Mendaki gave out $43m in tertiary fee subsidies last year
More than 10,600 beneficiaries of Yayasan Mendaki's tertiary tuition fee subsidies (TTFS) were given $43 million to pursue further studies last year - an all-time high.
The self-help group had spent $42 million under this scheme to support 10,000 beneficiaries in 2018.
The scheme subsidises fees for eligible Malay students pursuing their first diploma or degree at local government tertiary institutions.
Mendaki released its 2019 report yesterday, showing that it disbursed $3.7 million in study loans and spent $32.3 million on community outreach. In total, it supported more than 91,000 beneficiaries.
Minister-in-charge of Muslim Affairs and Mendaki chairman Masagos Zulkifli said in a virtual press conference yesterday that the group recorded a surplus of $12.6 million last year.
However, it had to dip into its reserves for the first time this year to spend $1.9 million, mainly on laptops for students during the circuit breaker period and to help Institute of Technical Education students whose family income was affected by the Covid-19 pandemic.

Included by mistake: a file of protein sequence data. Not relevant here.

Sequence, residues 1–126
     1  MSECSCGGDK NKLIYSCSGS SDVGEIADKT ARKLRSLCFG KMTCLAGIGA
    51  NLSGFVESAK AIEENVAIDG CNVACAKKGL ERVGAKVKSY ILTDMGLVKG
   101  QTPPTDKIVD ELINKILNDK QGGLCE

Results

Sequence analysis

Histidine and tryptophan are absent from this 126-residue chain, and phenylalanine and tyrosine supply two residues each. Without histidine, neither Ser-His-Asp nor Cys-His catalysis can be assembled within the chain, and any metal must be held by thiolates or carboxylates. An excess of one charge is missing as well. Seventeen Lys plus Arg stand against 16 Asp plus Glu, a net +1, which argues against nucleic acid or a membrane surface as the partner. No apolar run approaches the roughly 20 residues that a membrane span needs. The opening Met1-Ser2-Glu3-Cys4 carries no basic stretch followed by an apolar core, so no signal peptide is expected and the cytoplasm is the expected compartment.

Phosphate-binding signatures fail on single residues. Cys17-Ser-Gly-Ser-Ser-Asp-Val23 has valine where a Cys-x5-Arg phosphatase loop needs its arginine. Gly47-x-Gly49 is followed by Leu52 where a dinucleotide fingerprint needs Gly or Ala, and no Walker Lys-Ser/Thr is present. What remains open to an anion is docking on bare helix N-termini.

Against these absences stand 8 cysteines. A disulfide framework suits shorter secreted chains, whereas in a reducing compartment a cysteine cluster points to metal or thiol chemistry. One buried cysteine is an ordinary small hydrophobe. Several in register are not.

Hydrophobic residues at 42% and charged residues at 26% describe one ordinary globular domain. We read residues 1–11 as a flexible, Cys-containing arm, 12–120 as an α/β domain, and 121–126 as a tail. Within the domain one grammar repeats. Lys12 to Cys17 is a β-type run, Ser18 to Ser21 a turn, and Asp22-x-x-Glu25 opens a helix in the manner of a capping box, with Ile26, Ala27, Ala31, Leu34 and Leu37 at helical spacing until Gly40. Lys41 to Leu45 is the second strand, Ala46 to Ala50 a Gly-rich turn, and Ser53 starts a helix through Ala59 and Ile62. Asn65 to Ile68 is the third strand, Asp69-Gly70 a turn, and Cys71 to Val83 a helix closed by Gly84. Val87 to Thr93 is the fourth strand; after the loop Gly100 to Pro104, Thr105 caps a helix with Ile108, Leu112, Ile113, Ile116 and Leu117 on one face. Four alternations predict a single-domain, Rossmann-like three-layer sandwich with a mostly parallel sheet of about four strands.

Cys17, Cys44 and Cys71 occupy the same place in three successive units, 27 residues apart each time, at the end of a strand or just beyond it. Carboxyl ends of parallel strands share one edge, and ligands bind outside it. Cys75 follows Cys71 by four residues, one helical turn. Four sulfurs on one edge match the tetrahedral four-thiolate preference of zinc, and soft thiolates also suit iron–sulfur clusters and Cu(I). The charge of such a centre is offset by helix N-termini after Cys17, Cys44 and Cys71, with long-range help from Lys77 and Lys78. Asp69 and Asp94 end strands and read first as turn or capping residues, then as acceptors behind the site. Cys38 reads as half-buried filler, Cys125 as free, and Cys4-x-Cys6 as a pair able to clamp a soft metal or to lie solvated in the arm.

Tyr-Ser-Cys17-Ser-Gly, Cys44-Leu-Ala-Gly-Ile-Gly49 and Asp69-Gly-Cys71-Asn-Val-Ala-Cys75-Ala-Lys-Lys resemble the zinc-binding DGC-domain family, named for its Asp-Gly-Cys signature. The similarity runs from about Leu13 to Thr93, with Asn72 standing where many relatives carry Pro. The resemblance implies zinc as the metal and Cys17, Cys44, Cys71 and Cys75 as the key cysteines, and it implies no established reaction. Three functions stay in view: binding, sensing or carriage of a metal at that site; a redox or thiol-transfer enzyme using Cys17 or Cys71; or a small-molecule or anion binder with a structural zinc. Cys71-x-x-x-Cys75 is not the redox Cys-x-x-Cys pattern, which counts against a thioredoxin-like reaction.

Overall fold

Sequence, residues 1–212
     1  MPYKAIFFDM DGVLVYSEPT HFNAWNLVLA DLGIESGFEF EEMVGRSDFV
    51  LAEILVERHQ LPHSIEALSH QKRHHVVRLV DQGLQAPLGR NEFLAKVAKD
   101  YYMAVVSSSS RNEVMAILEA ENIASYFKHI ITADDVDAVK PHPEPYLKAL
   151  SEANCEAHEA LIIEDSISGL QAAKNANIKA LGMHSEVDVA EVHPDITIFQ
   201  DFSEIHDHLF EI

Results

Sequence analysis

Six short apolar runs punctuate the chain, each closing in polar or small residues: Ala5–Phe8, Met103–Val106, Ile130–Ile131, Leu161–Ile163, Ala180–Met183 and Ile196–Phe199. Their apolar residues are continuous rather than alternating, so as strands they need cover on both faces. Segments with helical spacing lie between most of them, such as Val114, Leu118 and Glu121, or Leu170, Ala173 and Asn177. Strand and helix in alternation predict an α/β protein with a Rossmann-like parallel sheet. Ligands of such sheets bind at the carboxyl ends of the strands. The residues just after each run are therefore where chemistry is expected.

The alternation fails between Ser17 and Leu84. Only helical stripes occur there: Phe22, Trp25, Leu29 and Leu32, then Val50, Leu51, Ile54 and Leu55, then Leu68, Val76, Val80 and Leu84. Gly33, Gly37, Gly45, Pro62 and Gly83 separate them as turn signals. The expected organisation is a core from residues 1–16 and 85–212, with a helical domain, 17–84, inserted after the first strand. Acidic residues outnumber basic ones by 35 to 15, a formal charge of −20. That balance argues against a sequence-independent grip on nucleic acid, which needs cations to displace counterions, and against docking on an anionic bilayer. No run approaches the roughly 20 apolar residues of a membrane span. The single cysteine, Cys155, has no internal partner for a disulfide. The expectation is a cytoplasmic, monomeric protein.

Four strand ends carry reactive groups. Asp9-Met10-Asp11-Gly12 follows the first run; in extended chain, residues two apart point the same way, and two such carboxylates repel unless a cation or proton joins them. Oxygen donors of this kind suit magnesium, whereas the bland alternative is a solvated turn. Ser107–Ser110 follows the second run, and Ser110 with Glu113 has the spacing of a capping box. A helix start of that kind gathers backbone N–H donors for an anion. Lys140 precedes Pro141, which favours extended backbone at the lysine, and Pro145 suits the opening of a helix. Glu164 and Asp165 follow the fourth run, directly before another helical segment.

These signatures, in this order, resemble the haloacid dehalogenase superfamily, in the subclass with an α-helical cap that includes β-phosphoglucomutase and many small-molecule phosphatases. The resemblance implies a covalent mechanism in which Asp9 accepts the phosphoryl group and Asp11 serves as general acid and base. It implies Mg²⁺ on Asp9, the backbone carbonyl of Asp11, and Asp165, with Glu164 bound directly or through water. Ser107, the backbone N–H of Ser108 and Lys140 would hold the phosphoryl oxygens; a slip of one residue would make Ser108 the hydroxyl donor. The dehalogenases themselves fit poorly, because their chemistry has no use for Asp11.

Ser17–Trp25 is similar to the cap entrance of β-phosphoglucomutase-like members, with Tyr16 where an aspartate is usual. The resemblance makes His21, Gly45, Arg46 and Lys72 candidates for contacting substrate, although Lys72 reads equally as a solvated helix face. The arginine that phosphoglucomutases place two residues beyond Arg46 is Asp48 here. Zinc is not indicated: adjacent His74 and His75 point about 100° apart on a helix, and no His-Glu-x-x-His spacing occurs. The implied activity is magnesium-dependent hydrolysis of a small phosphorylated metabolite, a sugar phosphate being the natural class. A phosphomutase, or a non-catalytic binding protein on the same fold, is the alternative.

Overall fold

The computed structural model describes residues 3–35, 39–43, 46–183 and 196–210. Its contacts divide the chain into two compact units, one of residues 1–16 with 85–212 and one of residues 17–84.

Mr Masagos, who is also Minister for Social and Family Development, said even more TTFS funds would be distributed this year, as applications have reopened and now include those whose family income might have been affected because of Covid-19.
"We have not seen a surge yet. There are already new applications, but we foresee that more TTFS will be disbursed next year too, and we are budgeting for this," said Mr Masagos.
He added that Mendaki will maintain its focus and continue to encourage children in the community to attend early childhood education.
Senior Minister of State for Manpower and Defence Zaqy Mohamad, who is the group's deputy chairman, said at the press conference that another priority for Mendaki is supporting community members whose jobs were affected by Covid-19 disruptions.
Mendaki has launched a dedicated hotline for job seekers and is working with them via an app called CariKerja. It will continue to share information on available jobs with the community, said Mr Zaqy.
It is also working with government agencies to link job seekers - including fresh graduates - with companies looking to fill vacancies, as well as with training opportunities that could help them reskill to eventually gain employment.